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Underwater Art Exhibit Debuts On Land In Key West

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Austrian art photographer Andreas Franke, left, show his digitally composited work to Elena Devers, right, during the public opening of "The Sinking World" Thursday, Jan. 17, 2013, at The Studios of Key West in Key West, Fla. (Source: Carol Tedesco/Florida Keys News Bureau/HO)

Austrian art photographer Andreas Franke, left, show his digitally composited work to Elena Devers, right, during the public opening of “The Sinking World” Thursday, Jan. 17, 2013, at The Studios of Key West in Key West, Fla. (Source: Carol Tedesco/Florida Keys News Bureau/HO)

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KEY WEST (CBSMiami) — An Austrian art photographer’s exhibit, once displayed 95 feet deep on a sunken ship in the Florida Keys National Marine Sanctuary, has premiered onshore in Key West.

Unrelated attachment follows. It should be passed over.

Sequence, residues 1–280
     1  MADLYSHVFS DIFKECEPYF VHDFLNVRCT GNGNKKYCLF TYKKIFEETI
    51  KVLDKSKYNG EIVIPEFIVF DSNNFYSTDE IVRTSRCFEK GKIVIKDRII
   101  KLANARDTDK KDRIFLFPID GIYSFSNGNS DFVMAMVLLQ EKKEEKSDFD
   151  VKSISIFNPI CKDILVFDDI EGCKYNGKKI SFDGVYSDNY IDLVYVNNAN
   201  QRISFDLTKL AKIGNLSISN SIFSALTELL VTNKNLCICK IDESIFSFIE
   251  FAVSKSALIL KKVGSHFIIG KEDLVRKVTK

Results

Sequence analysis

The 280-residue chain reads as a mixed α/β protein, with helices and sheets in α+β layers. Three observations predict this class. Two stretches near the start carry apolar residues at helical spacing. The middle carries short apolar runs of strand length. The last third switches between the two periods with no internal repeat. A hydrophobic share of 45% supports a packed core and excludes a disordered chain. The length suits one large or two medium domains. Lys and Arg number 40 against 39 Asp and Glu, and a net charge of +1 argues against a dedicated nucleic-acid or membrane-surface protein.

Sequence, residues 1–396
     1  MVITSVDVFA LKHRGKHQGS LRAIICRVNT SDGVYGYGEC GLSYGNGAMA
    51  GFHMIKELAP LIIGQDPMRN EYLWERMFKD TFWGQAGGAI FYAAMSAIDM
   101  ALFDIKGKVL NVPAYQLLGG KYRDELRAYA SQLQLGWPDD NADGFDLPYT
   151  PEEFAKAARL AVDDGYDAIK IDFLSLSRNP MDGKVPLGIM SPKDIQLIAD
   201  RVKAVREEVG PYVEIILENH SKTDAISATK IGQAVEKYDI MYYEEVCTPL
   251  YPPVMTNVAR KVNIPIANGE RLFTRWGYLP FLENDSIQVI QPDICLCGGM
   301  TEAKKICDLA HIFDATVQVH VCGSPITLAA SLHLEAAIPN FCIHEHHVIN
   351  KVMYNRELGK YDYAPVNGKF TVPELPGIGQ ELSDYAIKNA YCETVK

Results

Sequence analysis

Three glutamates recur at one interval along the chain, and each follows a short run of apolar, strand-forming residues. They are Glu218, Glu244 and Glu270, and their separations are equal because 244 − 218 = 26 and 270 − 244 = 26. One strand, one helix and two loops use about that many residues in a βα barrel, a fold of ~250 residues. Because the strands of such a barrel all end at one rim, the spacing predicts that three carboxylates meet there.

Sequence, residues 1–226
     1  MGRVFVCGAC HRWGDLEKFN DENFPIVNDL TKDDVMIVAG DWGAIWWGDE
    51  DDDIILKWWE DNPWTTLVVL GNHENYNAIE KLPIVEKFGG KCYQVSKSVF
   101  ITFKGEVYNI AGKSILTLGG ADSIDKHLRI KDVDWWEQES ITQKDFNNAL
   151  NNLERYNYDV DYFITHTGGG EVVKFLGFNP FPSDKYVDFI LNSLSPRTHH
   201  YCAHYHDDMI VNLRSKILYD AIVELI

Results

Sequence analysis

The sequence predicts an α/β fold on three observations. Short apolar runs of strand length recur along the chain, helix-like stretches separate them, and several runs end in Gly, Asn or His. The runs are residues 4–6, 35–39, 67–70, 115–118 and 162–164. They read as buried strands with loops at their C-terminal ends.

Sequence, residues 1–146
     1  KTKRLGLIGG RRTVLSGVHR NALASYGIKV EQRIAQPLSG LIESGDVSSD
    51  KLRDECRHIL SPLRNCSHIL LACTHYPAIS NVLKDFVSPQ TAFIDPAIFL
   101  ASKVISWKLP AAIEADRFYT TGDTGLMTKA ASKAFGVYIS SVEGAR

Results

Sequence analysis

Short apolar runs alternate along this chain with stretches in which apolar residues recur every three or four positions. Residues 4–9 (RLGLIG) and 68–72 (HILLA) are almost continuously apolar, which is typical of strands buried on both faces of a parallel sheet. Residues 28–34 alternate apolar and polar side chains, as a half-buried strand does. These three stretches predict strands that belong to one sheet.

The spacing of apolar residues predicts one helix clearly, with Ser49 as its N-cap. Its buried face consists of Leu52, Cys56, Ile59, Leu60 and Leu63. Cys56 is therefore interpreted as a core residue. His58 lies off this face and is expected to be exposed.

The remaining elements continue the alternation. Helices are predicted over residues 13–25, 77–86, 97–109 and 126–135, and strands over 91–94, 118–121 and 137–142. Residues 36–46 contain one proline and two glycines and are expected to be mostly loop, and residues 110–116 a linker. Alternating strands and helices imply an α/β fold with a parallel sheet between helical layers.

Andreas Franke’s “The Sinking World” exhibit opened Thursday at The Studios of Key West and continues there through Feb. 15.

The exhibit features digitally composited images of the Gen. Hoyt S. Vandenberg, a former Air Force missile tracking ship scuttled in May 2009 to become an artificial reef off Key West. It is the second largest ship in the world ever to be purposely sunk to become a marine habitat, artificial reef experts said.

Franke photographed the wreck and digitally added elements, creating haunting images such as a young girl wielding a butterfly net to capture fish and a workman perched on a crossbeam to eat his lunch.

The 4- by 5-foot photographs then were sandwiched in plexiglass and displayed on the Vandenberg’s Weather Deck beneath the ocean’s surface for almost five months.

Barnacles, algae and other marine organisms grew on them and slight water leaks altered the images to create the work being exhibited on land.

“My art looks quite similar above the water as well as underwater, but over time when the sea life starts growing, it changed dramatically,” Franke said. “It gave it a third dimension to the surface.”

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